CALL A COP?  I'D RATHER CALL A HIPPIE!

      [As printed in the San Gabriel Valley Examiner, Sept. 3, 2003]



It happened again.  A well-meaning neighbor or relative called the police 
to check on someone acting erratically.  In the end, the someone was killed 
by the police, who, according to press reports, intended to take the woman 
to a hospital but ending up shooting her when she acted in a threatening 
manner.  This time it was in San Ramon.  All too frequently it happens in 
Southern California.

Back in the 'sixties the law and order crowd mocked police critics with the 
slogan: "Don't call a cop, call a hippie."  Now, in light of the alarming 
number of people killed by questionable police actions throughout Southern 
California, an alternative conflict resolution agency is needed, one that 
doesn't approach a domestic disturbance in the cavalier manner demonstrated 
by law enforcement in recent years.  In essence, it's time to call a 
hippie.

The old standby - "The officer, in fear of his life, opened fire" - doesn't 
cut it anymore.  On the one hand, police apologists constantly laud the 
heroism of the force.  After all, we are told, at the World Trade Center 
while many civilians lost their lives, police and firemen gave their lives 
by entering the buildings without thought for their personal safety.  Yet a 
handful of Riverside officers standing outside a parked car with a sleeping 
woman inside were so fearful that they killed the startled victim when she 
awakened and allegedly reached for a gun to protect herself.

This scenario is repeated at least monthly, perhaps more frequently, 
somewhere in Southern California.  All that's necessary to document it is 
to read the daily papers and keep score.  The usual routine is exoneration 
of all involved.  If fired, the courts can often be counted on to rule for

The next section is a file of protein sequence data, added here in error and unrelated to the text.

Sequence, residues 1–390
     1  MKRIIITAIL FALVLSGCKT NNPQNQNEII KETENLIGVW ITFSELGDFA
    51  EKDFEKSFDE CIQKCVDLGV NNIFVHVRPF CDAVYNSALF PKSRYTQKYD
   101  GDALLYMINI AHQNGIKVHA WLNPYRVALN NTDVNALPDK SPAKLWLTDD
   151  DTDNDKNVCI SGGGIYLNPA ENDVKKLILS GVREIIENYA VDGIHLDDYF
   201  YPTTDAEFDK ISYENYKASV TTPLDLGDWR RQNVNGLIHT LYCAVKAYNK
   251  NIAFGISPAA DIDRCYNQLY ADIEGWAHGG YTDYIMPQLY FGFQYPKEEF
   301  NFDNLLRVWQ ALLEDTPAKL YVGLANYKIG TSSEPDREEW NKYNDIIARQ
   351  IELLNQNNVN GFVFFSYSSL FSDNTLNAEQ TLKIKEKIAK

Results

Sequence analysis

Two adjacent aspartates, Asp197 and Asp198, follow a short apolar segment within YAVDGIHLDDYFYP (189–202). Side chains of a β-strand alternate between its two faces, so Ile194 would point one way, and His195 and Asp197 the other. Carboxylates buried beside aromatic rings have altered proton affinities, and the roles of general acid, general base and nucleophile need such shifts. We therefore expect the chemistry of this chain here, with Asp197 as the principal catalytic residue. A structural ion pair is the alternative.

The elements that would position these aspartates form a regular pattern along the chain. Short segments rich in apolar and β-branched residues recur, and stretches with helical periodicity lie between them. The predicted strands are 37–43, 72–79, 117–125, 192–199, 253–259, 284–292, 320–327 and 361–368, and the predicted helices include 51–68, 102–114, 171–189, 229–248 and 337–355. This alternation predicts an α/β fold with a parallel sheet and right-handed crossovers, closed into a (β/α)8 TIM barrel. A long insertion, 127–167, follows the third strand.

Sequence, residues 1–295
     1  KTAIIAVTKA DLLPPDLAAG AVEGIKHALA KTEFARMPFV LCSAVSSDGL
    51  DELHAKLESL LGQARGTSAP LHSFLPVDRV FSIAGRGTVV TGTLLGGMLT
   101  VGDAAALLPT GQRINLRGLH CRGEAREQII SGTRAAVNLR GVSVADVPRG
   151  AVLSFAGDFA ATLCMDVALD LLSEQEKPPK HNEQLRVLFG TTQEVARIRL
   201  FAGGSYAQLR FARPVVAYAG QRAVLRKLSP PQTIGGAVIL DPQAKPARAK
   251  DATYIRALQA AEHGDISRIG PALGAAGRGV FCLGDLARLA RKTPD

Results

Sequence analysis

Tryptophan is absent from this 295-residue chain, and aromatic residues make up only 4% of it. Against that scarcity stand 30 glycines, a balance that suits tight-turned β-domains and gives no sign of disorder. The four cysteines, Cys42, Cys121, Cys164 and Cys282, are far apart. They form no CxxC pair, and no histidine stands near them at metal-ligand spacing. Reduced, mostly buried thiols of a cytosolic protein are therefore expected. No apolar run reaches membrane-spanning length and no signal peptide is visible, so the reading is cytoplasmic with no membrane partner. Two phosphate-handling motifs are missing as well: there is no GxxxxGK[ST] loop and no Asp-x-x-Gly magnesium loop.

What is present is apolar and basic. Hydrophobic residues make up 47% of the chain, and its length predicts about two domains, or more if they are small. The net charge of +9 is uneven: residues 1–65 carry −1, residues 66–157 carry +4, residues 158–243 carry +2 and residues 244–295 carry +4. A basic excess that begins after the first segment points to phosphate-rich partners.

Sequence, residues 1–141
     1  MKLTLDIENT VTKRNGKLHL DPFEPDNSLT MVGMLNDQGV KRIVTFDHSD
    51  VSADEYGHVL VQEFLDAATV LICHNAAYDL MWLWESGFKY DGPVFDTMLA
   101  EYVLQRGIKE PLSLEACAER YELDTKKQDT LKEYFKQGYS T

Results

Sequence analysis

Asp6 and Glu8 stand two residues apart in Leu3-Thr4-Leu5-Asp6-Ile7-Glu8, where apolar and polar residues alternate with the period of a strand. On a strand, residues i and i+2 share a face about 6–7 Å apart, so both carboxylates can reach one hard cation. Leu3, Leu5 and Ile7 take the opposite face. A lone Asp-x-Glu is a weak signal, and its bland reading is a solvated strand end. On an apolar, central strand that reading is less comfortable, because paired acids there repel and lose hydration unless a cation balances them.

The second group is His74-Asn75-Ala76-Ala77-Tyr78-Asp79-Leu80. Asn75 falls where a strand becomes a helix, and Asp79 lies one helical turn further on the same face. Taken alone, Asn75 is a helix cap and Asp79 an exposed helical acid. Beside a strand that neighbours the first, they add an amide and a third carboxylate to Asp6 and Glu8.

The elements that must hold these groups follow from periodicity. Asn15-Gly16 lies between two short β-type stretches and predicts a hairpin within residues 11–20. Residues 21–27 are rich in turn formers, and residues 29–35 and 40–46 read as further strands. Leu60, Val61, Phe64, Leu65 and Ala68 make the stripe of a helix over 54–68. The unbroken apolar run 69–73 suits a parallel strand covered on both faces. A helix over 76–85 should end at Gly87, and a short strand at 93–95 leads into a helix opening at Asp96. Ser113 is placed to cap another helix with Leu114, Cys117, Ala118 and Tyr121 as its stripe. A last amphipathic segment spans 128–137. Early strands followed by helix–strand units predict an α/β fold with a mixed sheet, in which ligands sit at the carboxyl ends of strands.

the police and order rehiring and back pay.

Since the police mentality begins with a reliance on weapons and the use of 
deadly force (and not just guns), let's turn the handling of domestic 
disturbances over to an entirely different agency with a fresh mindset.  
Not a group of hippies, but a professionally trained contingent of persons 
with advanced degrees skilled in conflict resolution.

Sending a uniformed, armed cop to the home of a raging, ranting spouse only 
invites trouble.  NYPD's Sipowicz isn't about to rationally resolve a 
dispute that has reached the boiling point.  Trained professionals, on the 
other hand, would have a far better chance of bringing the matter to a 
peaceful conclusion.

The place to start is in Los Angeles.  Already on the table is the mayor's 
proposal to hire several hundred additional cops.  The chief strongly 
endorses that plan.  The council doesn't.  

Strike a compromise.  Give the chief a large part of what he asks, but 
divert some of the money to creation of a conflict resolution department 
outside the police force, with enough money and personnel to properly 
handle domestic cases that call for immediate action.  Seek out individuals 
with the sensitivity required to deal with such cases.  Staff the agency 
with a rainbow of personnel, knowledgeable about the various racial, ethnic 
and otherwise identifiable communities within the city.  

The "police can do no wrong" crowd will launch their usual bitter attack on 
such a plan.  Let them rave.  Southern Californians have reached the point 
where they know that if they call the police in a domestic disturbance 
there is a good chance a loved one - still a loved one even though in the 
midst of a drunken rage - will be killed or injured, or that the responding 
police officer will suffer that fate.

Until this new agency is created, you may actually be better off during a 
domestic disturbance if you call a hippie.

- - -

[Ralph E. Shaffer, member of the criminal justice committee of the 1993-94 
Los Angeles County Grand Jury, can be reached at reshaffer@csupomona.edu]